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“No smells! The deal was no smells!”

This is not good. The landlord had long been concerned about the project—a dive bar, for yuppies?—and was especially sensitive about how his residents would deal with a kitchen. (“Just understand that Gisele, the supermodel, lives in my penthouse,” he liked to point out.) Somer calls Friedman, who arrives at 2:45 p.m, immediately sitting down with Somer and Baca for an emergency brainstorming session. The conversation is tense. Somer doesn’t say much. The ribs and cod balls would now have to be scrapped and replaced by … here is the problem. There is no time for replacements.

“Maybe not having food will be … a good thing?” Somer finally ventures, breaking a long silence. “Like, it’ll make people curious about this strange, mysterious place that supposedly served food but doesn’t.”

It is a funny moment. Funny because telling a chef from Momofuku to forgo food is like telling Dylan to lip-synch through a concert. Funny because the suggestion of a foodless opening defies all conventional wisdom and therefore serves as a sly assertion (to the restaurant world, to himself) that Somer remains a professional amateur. But mainly funny because it’s exactly what happens.

The doors finally open around sundown, and soon enough there are so many people, so many well-dressed, well-connected bodies everywhere—Josh Hartnett, LeBron James, and Mary-Kate Olsen among them—that the idea of serving food quickly becomes a moot point. “We physically cannot get the food from the kitchen to the customer. This may be a problem,” Somer says. “And can you hear the jukebox? I can’t tell if it’s too quiet or too loud.” He seems deeply troubled. Details like the jukebox volume are the ones that Somer obsesses about most. At Freemans, for instance, there’s a ban on anything he deems “pussy rock.” “Anyway, I picked the music,” he says, referring to the jukebox at the Rusty Knot. “I’ve always been into kind of alternative rock, but that didn’t really fit the mood, so I looked for, like, weird classic rock. Bob Seger. Christopher Cross. Jimmy Buffett. And it’s funny, because now I’m kind of into it. Like those guys are actually good, you know?”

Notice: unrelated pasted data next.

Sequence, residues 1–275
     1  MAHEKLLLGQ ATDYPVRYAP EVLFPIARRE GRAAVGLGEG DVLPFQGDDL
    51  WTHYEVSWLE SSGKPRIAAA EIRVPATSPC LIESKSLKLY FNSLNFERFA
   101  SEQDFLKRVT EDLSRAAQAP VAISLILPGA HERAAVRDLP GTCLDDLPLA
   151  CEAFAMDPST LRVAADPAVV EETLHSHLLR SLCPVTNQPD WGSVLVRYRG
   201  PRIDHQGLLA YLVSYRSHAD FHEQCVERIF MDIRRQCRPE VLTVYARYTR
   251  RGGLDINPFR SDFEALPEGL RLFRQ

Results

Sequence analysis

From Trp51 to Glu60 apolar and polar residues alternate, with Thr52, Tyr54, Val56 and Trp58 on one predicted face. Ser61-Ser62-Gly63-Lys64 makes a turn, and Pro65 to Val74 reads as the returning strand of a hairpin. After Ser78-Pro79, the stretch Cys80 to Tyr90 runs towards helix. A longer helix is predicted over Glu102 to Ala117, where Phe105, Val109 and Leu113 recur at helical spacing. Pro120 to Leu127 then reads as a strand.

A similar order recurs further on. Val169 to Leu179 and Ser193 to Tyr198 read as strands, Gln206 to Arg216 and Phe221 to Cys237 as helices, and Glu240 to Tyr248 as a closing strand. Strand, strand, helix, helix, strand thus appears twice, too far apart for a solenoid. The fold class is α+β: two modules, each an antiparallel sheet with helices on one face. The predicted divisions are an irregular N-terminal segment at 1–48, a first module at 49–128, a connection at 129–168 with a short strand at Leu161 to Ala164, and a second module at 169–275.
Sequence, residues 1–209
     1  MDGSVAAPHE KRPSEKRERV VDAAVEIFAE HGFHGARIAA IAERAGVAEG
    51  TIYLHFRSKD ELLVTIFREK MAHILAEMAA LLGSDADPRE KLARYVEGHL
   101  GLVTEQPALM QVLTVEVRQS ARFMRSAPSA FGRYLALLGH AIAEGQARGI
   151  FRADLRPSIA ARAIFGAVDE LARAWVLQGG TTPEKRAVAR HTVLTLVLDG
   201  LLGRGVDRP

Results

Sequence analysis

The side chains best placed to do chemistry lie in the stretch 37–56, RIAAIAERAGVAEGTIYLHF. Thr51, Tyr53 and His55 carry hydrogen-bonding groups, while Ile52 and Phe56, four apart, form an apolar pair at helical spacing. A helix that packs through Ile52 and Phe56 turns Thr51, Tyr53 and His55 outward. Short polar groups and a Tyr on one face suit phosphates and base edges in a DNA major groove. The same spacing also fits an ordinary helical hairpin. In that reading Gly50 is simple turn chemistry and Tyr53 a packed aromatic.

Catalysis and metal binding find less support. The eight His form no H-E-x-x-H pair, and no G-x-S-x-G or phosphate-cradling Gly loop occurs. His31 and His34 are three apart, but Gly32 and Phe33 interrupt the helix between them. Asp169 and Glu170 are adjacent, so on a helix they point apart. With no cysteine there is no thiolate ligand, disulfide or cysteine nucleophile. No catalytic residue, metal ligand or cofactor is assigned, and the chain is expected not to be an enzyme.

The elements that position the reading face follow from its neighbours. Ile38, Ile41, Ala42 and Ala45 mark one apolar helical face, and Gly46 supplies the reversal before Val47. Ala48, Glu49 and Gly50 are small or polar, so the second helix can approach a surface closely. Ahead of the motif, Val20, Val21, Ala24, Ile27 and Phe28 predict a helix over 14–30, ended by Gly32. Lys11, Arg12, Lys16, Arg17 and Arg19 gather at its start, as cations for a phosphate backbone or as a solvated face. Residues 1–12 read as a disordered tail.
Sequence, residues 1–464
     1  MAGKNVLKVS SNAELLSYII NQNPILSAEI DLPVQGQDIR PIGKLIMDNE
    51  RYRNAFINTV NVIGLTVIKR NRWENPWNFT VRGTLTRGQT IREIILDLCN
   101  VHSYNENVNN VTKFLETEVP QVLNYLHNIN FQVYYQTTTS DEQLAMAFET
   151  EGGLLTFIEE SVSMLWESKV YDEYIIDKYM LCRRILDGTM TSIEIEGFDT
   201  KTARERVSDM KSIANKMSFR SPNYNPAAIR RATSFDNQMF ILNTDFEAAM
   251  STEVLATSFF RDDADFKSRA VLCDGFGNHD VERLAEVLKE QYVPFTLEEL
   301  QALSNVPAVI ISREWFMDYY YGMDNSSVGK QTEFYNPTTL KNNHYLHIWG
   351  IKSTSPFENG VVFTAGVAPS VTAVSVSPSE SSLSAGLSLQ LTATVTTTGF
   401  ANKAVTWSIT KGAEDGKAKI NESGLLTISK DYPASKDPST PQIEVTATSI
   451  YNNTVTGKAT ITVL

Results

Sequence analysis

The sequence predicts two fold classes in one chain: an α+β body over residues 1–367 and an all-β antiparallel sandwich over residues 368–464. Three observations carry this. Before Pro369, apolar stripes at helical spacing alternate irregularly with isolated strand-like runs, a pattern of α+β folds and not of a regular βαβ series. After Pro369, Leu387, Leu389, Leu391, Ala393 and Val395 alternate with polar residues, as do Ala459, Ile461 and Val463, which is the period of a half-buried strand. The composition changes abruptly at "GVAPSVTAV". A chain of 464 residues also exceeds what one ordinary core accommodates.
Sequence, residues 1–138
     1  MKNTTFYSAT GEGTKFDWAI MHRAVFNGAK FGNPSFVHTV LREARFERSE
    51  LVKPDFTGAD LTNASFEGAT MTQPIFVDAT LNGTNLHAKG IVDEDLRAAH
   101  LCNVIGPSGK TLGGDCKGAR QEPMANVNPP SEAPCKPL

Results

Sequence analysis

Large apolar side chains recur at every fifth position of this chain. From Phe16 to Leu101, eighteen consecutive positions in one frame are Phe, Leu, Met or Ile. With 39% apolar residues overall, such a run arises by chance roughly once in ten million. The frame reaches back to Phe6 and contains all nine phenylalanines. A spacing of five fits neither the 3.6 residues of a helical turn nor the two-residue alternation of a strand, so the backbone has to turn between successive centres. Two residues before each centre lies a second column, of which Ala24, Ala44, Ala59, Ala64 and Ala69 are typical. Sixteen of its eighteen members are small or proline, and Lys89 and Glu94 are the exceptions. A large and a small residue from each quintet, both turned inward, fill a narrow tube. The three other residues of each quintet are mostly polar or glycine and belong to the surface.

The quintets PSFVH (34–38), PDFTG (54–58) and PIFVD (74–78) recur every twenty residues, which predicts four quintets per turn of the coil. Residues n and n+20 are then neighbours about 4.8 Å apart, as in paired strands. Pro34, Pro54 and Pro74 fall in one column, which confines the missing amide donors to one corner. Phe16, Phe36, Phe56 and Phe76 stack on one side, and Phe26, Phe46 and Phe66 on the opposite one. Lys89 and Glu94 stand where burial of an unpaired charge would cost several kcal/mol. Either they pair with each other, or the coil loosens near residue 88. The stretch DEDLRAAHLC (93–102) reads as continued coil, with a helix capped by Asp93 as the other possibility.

“And now for the past year you’ve looked like a drunken sailor,” says Somer’s girlfriend, Courtney McGuinness, referring to his metamorphosis since working on the Rusty Knot. “Your hair’s kind of greasy.  You never shave.”

Overhearing this, Friedman comes over. Immersed in celebrity, he is in high spirits.

“That’s how Taavo’s brain works,” he says. “He’s amazing! I’ll tell you a funny story. The other night we had a birthday party for—” He cuts himself off and turns to Somer. “Have you done any name-dropping yet?”

“I haven’t,” Somer replies, looking nervous.

“Well, it’s more my style, isn’t it?” Friedman says. “Anyway, so the other night we had a birthday party for the girlfriend of Jay-Z’s manager. Jay and Beyoncé were here. I love Jay—he’s one of the partners at the Spotted Pig. So at one point Jay turns to me and he says, ‘Ken, I love this place. Very cool. Nice work. But what’s up with the music?’ So I say to Jay, ‘You know, Taavo is a very visual person. He creates worlds. The music is all part of his thing.’ Jay kind of took that in. Then he says, ‘I respect that. I was gonna hook up my iPod, but now I won’t.’ ”

Somer, by this point, is too distracted to be embarrassed.

“Something’s wrong with the jukebox,” he says again. “I can’t tell if I can hear anything. All these people. I think someone may have brushed up against the speaker wire … ”

The crowd, of course, is a testament to Somer’s ability to create the sorts of environments that offer the intoxicating thrill of being somehow in the know, ahead of the curve. Among those who stop by, for example, is Stephen Starr, the owner of over a dozen massive, wantonly corporate restaurants (Morimoto, Buddakan) that could not be further from Somer’s aesthetic, but who recently commissioned Somer to design a space in Philadelphia. “For a younger hipster audience,” Starr explains, “Taavo is a kind of master of underdesigned design, which is what people are gravitating toward today.”

Such praise does little to ease Somer’s sense of frustration. When he designs a space, he thinks about creating an environment that he would want to spend time in, a setting he would return to, yet at the moment the Rusty Knot is the opposite of such a place. “I don’t know any of these people. They’re all Ken’s friends,” Somer says, retreating to the pool table, where he spends the majority of the night drinking canned Tecate. “We salt the rims of the cans. Kinda cool, right? Those details matter, you know? Like the pool table. It’s only 50 cents. That was important to me.”


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